From Library Journal
Is it possible to eradicate disease? Grob (history of medicine, Rutgers) addresses this question while offering a history of disease in America to illustrate the ongoing relationships among society, environment, and human health. Beginning with evidence from prehistoric skeletal remains and continuing to the present day, Grob demonstrates that disease is a natural part of our existence. Many historians see the discovery of antibiotics as a turning point in modern medicine, yet Grob provides interesting evidence showing that many diseases were on a decline even before the widespread use of antibiotics. In addition, as life expectancies increase, long-term and chronic diseases become more evident. While Grob contends that the eradication of disease is probably an unrealistic goal, he argues that we can still work to delay the onset of diseases and make them more manageable. The text is loaded with statistics on mortality rates and life expectancies that have been pulled from a vast collection of resources. Since some basic knowledge of genetics and immunology is assumed, this well-researched volume is recommended for academic library and health science collections. Tina Neville, Univ. of South Florida at St. Petersburg Lib.
Copyright 2002 Cahners Business Information, Inc.
From The New England Journal of Medicine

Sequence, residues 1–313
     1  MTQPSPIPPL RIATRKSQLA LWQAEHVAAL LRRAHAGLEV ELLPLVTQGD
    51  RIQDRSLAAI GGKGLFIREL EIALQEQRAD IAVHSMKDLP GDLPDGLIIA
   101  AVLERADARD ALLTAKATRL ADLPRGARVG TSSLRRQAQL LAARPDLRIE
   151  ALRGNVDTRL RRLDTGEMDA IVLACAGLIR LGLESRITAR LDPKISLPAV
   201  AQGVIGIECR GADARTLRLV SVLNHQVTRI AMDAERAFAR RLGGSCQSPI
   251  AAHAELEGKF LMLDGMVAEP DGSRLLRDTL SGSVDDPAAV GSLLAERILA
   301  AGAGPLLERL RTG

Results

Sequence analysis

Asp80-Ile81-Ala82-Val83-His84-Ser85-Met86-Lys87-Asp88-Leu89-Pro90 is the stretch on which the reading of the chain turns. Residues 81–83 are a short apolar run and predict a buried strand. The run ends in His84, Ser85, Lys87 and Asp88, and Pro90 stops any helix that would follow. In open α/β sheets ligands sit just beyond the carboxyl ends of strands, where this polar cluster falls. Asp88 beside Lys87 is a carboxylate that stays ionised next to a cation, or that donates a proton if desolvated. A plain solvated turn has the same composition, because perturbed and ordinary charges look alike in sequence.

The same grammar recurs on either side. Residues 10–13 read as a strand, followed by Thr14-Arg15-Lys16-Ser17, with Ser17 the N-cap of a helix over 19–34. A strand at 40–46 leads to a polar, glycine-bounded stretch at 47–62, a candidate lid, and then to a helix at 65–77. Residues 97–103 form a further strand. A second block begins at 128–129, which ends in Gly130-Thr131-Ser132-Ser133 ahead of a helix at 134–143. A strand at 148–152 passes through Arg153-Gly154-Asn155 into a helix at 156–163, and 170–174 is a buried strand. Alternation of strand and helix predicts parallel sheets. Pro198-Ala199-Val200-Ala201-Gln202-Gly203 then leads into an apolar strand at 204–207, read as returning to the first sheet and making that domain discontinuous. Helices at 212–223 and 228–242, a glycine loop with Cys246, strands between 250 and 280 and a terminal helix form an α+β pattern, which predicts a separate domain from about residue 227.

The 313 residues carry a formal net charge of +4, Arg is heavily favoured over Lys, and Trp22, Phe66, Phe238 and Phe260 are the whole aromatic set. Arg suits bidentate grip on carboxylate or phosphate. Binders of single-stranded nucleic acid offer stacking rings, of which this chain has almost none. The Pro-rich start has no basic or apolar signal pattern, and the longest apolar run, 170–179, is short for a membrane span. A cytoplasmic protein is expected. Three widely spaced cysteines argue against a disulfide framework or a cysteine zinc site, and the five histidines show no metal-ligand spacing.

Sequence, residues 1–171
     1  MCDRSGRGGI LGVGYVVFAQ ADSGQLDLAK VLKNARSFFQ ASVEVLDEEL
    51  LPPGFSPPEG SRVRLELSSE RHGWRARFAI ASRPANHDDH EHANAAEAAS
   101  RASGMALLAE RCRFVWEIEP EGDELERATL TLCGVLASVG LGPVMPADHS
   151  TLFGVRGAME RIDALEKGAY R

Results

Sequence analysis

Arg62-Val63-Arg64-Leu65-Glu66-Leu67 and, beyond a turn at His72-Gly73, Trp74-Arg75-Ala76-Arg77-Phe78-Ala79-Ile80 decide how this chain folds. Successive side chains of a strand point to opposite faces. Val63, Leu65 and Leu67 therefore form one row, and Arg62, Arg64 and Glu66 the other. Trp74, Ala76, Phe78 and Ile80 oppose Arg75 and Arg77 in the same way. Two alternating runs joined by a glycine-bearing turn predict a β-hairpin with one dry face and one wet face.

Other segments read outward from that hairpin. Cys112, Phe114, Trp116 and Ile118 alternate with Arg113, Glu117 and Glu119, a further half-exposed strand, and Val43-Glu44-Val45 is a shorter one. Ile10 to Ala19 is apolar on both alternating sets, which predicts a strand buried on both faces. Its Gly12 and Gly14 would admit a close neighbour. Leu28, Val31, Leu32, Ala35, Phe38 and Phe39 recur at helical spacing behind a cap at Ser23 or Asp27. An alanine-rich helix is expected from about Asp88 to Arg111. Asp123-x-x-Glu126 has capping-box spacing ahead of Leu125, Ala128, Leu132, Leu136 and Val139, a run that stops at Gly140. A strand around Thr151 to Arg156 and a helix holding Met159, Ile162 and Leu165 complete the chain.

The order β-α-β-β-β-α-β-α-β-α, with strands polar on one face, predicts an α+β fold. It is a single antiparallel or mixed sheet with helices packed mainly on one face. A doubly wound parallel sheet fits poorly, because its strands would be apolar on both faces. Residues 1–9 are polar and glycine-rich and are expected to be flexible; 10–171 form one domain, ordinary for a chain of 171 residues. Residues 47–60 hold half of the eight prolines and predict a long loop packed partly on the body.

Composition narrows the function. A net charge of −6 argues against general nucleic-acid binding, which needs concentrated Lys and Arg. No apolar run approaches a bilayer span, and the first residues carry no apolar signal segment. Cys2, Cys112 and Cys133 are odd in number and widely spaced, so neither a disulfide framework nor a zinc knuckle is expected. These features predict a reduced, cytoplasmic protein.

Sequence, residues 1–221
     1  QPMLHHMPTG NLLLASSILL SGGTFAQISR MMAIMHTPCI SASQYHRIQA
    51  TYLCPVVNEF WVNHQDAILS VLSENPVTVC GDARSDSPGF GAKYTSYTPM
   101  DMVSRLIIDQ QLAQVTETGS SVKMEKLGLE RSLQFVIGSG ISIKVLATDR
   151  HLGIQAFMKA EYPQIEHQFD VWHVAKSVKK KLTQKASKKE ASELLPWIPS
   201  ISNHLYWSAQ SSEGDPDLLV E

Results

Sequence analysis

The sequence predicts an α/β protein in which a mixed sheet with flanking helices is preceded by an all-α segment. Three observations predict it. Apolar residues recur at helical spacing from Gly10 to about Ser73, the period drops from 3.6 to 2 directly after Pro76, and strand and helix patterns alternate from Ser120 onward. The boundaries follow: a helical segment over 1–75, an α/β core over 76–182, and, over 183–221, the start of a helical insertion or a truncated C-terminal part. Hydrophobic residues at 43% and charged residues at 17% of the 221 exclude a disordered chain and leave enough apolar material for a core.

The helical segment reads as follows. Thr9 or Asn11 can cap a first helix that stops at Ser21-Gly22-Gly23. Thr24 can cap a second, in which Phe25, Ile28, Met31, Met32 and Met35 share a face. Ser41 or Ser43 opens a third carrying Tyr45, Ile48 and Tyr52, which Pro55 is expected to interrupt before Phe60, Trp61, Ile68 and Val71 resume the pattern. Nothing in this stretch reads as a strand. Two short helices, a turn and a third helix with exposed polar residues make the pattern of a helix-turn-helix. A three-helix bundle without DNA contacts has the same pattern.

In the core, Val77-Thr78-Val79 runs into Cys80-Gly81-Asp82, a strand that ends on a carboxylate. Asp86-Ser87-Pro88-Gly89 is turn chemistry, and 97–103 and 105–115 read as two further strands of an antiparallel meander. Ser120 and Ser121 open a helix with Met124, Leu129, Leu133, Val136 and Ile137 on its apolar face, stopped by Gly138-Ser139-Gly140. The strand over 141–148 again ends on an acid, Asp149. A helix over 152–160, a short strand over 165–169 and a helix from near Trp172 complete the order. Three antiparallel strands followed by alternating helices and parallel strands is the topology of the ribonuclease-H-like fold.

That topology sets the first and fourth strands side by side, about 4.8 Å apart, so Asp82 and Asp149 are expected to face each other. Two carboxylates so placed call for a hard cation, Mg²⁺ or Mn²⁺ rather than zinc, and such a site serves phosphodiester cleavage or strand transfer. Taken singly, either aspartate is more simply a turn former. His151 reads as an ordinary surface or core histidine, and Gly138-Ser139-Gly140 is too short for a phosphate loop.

Perhaps the most important, if frequently overlooked, development in American history is the dramatic increase in life expectancy since the early 19th century. During the past 150 years or so, life expectancy at birth has more than doubled, and the average American has evolved from a young person to a 35-year-old adult. Until the appearance of Thomas McKeown's iconoclastic works in the mid-1970s, observers commonly attributed this achievement to the therapeutic triumphs of scientific medicine. But as medical historians since then have debated the causes of this demographic revolution, four other possible explanations have attracted considerable attention: improved living conditions, especially diet (McKeown's favorite), which increased resistance to infectious diseases, the leading killers of the past; public health measures, such as quarantine, filtered water, and effective waste removal; the decreasing virulence of some diseases; and serendipitous environmental changes. Twenty years ago, the distinguished medical historian Gerald N. Grob joined the debate with a brief for the fourth explanation in "Disease and Environment in American History," in Handbook of Health, Health Care, and the Health Professions, edited by David Mechanic (New York: Free Press, 1983). In The Deadly Truth, the first book-length survey of changing mortality in America, Grob expands (and somewhat modifies) his earlier explanation, examining the patterns of disease from the pre-Columbian period to the end of the 20th century. Animated by skepticism about the current tendency to identify the risk factors responsible for such ailments as cancer, diabetes, and cardiovascular disease -- and by Rene Dubos's pessimism about a disease-free world -- Grob insists (at least twice in nearly identical language) that "the faith that disease is unnatural and can be conquered rests on a fundamental misunderstanding of the biological world." Physicians rarely appear in Grob's narrative. Instead of focusing on heroic healers, Grob stresses the role of "unforeseen environmental changes," from the catastrophic effects of European diseases on Native Americans and the devastating toll of disease during the first two thirds of the 19th century to the dramatic decline of infectious diseases in the late 19th and early 20th centuries and the rise of chronic illnesses, such as cancer and coronary heart disease, after World War II. The waxing and waning of malaria and yellow fever provide the most striking examples of the results of environmental changes "shaped less by conscious design than by serendipity." In explaining the decline of such diseases as scarlet fever and rheumatic fever (and, to a lesser extent, smallpox and yellow fever), Grob stresses the diminishing virulence of the bacteria and viruses involved -- another factor obviously unrelated to human intent. He does, however, credit public health measures with helping to eradicate cholera and reducing the incidence of typhoid fever; and he concedes that therapeutic intervention (specifically, the deployment of an antitoxin after 1894) contributed to the declining death rate from diphtheria. Only after 1945, he claims, did "biomedical research [have] a major role in transforming medical practice." He may be right about this, though it depends on what is meant by "major" and "transforming." However, any fee bill, casebook, or patient testimony would show the error of the assertion offered on the first page, and repeated late in the book, that "before 1940 . . . the major function of medicine had been the diagnosis of disease." Grob concludes that, despite the indisputable improvement in the health of Americans, "the precise reasons for the changes in mortality and morbidity rates (and therefore life expectancy) remained murky." True, but readers of The Deadly Truth will find such reasons far less opaque than they may have before reading this book. Ronald L. Numbers, Ph.D.
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